Celebrated on September 30, St. Jerome was one of the great intellectuals of the Church, creating a Bible translation that would be the standard of the Church for centuries. Though in his lifetime he struggled with anger and lived through the fall of Rome, these difficulties did not prevent him from making profound contributions to biblical scholarship. In the Basilica, Jerome is depicted in the east façade, the St. Margaret of Antioch Chapel, and the Baldachin of the Great Upper Church.
A Brilliant Scholar
One of the greatest scholars of the Church, Jerome was born in the 4th century in northern Italy. When he reached his thirties, he relocated to Syria, living a reclusive life and learning Hebrew, Aramaic, and Greek. He used his extensive linguistic knowledge to create a translation of the Bible called the Vulgate. Using the “vulgar” (everyday) Latin, the translation made the Bible more accessible to common people. The Vulgate became the standard version of the Bible for the Catholic Church and was used for over a millennium.
Ministry in Bethlehem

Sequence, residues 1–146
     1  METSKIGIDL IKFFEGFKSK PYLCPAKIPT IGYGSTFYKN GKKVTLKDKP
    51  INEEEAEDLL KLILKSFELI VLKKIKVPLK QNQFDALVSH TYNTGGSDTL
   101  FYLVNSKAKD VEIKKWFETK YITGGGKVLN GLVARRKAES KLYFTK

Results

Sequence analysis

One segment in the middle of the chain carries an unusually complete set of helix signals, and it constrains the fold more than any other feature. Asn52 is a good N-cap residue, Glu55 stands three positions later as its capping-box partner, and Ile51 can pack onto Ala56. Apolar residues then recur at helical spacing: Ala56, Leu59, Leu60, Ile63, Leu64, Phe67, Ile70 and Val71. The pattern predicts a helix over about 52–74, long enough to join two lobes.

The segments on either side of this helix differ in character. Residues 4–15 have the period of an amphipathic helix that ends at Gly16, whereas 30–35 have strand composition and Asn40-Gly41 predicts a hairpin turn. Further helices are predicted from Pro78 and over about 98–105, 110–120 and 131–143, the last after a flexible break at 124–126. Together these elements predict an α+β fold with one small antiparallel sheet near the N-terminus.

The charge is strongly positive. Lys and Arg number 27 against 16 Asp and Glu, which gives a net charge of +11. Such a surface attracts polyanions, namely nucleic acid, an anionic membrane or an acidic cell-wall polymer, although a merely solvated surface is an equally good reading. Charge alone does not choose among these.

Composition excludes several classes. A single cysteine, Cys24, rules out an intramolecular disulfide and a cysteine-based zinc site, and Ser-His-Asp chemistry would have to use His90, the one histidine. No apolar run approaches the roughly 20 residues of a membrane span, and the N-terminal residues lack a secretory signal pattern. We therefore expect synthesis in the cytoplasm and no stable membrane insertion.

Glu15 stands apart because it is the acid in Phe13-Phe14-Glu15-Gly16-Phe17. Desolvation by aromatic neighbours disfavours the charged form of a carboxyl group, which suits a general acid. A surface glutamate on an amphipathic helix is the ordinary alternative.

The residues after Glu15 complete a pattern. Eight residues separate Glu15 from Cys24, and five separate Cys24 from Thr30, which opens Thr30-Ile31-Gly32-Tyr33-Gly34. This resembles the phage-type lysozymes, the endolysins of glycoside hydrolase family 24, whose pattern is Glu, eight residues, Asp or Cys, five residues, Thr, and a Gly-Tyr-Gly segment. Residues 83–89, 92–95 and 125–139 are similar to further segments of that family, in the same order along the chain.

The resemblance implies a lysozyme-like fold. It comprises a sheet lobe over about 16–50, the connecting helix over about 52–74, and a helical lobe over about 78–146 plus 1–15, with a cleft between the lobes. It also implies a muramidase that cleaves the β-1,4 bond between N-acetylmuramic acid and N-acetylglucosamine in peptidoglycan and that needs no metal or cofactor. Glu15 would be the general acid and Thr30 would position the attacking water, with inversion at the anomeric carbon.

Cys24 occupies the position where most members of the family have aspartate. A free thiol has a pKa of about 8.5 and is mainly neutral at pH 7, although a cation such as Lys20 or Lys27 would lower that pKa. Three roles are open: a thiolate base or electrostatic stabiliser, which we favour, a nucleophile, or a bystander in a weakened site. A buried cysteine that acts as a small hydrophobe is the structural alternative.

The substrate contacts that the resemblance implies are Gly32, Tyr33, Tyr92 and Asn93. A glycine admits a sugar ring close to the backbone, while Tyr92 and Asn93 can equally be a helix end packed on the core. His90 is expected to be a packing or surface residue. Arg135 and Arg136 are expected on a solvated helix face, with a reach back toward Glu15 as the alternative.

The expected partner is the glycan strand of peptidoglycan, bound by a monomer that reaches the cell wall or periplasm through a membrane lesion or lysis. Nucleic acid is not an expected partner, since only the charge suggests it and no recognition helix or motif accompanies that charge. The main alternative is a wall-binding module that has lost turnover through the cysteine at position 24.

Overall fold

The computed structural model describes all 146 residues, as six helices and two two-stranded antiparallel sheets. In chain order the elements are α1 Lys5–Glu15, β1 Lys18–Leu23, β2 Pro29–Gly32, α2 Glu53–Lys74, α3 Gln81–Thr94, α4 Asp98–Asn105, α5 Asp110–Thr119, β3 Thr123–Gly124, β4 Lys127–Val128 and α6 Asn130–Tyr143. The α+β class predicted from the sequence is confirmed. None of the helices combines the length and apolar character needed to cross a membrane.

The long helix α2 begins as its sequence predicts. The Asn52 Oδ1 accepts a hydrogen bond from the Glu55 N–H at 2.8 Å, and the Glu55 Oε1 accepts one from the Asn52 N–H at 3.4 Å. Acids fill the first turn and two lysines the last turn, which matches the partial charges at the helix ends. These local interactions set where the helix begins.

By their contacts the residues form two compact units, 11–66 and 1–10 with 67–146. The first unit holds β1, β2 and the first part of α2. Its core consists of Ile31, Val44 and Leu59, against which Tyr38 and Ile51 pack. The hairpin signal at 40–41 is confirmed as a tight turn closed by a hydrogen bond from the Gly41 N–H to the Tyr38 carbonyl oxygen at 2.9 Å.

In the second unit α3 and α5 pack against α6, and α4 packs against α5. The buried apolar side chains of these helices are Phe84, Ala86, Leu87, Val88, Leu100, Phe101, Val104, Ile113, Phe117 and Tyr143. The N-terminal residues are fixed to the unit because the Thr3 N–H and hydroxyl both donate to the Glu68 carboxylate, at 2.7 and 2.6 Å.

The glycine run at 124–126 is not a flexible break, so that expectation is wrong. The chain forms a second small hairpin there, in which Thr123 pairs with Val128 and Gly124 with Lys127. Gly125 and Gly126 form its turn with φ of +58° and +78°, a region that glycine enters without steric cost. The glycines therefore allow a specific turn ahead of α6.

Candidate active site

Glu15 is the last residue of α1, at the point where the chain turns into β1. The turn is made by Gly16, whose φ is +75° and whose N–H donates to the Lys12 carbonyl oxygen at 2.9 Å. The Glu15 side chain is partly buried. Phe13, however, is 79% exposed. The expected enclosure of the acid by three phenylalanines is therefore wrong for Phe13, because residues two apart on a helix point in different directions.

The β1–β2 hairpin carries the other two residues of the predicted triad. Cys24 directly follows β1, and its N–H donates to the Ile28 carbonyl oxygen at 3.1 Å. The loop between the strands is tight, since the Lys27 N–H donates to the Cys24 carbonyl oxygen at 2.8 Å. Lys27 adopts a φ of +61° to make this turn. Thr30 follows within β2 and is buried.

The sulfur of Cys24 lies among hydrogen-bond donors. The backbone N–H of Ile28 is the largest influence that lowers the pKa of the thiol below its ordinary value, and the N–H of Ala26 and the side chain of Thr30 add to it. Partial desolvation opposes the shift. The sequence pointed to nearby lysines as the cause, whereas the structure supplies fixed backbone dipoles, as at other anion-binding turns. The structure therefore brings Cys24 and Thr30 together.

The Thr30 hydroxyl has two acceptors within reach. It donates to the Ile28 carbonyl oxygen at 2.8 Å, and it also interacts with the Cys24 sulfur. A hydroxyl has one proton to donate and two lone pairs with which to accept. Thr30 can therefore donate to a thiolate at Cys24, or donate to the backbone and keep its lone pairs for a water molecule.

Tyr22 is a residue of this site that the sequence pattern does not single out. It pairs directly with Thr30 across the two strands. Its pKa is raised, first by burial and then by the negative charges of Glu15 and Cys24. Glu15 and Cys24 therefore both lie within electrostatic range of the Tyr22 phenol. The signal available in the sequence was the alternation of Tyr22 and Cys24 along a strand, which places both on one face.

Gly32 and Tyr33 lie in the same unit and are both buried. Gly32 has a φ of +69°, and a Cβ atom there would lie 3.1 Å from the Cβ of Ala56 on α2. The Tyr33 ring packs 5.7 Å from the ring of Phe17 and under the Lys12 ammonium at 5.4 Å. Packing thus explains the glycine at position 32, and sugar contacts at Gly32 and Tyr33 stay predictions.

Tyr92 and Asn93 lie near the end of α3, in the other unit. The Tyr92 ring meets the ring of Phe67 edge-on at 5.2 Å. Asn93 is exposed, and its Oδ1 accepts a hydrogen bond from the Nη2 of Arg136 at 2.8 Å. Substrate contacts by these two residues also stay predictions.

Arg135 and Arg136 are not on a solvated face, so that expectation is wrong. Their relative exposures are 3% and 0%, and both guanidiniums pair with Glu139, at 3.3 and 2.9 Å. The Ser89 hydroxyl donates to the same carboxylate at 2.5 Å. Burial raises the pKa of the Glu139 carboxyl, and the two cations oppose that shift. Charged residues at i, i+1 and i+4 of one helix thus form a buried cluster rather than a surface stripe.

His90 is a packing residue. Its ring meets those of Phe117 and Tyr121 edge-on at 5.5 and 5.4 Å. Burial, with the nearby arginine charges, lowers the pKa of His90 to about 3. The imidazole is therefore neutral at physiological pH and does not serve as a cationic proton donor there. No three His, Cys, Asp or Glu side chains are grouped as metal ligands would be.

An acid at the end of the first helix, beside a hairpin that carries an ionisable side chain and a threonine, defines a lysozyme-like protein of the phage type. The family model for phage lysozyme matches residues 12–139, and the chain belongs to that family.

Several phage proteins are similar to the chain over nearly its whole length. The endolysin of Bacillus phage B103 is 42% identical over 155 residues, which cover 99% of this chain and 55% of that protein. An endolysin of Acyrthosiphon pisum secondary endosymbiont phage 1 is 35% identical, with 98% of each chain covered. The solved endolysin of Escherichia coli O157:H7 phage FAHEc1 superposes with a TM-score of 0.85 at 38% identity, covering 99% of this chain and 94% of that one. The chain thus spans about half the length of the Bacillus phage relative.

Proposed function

Though he was ordained as a priest, Jerome did not feel called to a traditional priest role. When he founded a monastery in Bethlehem in 386, he cultivated a healthy community, but he was not without enemies – in fact, he was known for his temper. During his lifetime, he had arguments with St. Augustine, Rufinus, and his monastery was once stormed by a band of Pelagians in protest of his attacks directed toward the theologian.
Living through the Fall of Rome
When learning of the destruction of Rome in 410, he halted his beloved studies to oversee assistance to refugees who were fleeing to Palestine. As he provided lodgings for them, he wrote,
“I have put aside all my study to help them. Now we must translate the words of the Scriptures into deeds, and instead of speaking holy words, we must do them.”
As the Roman empire continued to crumble, he became troubled by the destruction, and saddened by the capture of various monasteries. However, in spite of his distress, he continued to make valuable contributions to biblical scholarship. When he died in 420, he was writing a commentary on Jeremiah.
St. Jerome’s Devotion to Mary
Jerome had a special fondness for Mary. He defended with fervor the belief that she was a virgin and did not have any other children besides Jesus. He also gave her the title “Star of the Sea” (Ave Maris Stella). Patroness of all who sail the seas, Mary is portrayed under this title in a rondel in the narthex of the Great Upper Church, which shows her stilling the waves while the North Star shines above her. Mary is also represented as Star of the Sea in the Our Lady of La Vang Chapel, which depicts the constellations Ursa Minor and Ursa Major, and the Mary, Queen of All Hearts Chapel.
Butler’s Lives of Saints, ed. Bernard Bangley
Cowan’s The Way of Saints